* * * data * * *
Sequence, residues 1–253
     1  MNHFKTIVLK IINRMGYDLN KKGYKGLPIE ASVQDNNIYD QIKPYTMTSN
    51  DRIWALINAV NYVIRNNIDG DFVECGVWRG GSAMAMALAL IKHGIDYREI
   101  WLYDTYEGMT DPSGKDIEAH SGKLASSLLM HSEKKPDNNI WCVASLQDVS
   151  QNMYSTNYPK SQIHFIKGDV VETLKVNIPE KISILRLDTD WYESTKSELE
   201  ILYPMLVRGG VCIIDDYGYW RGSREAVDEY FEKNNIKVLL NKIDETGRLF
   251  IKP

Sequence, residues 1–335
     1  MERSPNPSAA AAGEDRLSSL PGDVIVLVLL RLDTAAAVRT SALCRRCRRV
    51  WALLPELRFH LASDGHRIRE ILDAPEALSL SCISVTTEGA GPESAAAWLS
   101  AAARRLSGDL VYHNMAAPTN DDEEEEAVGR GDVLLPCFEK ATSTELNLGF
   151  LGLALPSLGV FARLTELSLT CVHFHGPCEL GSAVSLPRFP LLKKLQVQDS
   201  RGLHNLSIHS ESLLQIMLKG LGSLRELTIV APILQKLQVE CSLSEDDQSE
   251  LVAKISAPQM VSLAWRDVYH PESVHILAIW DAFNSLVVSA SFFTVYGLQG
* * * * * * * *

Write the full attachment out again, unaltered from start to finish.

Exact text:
Sequence, residues 1–253
     1  MNHFKTIVLK IINRMGYDLN KKGYKGLPIE ASVQDNNIYD QIKPYTMTSN
    51  DRIWALINAV NYVIRNNIDG DFVECGVWRG GSAMAMALAL IKHGIDYREI
   101  WLYDTYEGMT DPSGKDIEAH SGKLASSLLM HSEKKPDNNI WCVASLQDVS
   151  QNMYSTNYPK SQIHFIKGDV VETLKVNIPE KISILRLDTD WYESTKSELE
   201  ILYPMLVRGG VCIIDDYGYW RGSREAVDEY FEKNNIKVLL NKIDETGRLF
   251  IKP

Sequence, residues 1–335
     1  MERSPNPSAA AAGEDRLSSL PGDVIVLVLL RLDTAAAVRT SALCRRCRRV
    51  WALLPELRFH LASDGHRIRE ILDAPEALSL SCISVTTEGA GPESAAAWLS
   101  AAARRLSGDL VYHNMAAPTN DDEEEEAVGR GDVLLPCFEK ATSTELNLGF
   151  LGLALPSLGV FARLTELSLT CVHFHGPCEL GSAVSLPRFP LLKKLQVQDS
   201  RGLHNLSIHS ESLLQIMLKG LGSLRELTIV APILQKLQVE CSLSEDDQSE
   251  LVAKISAPQM VSLAWRDVYH PESVHILAIW DAFNSLVVSA SFFTVYGLQG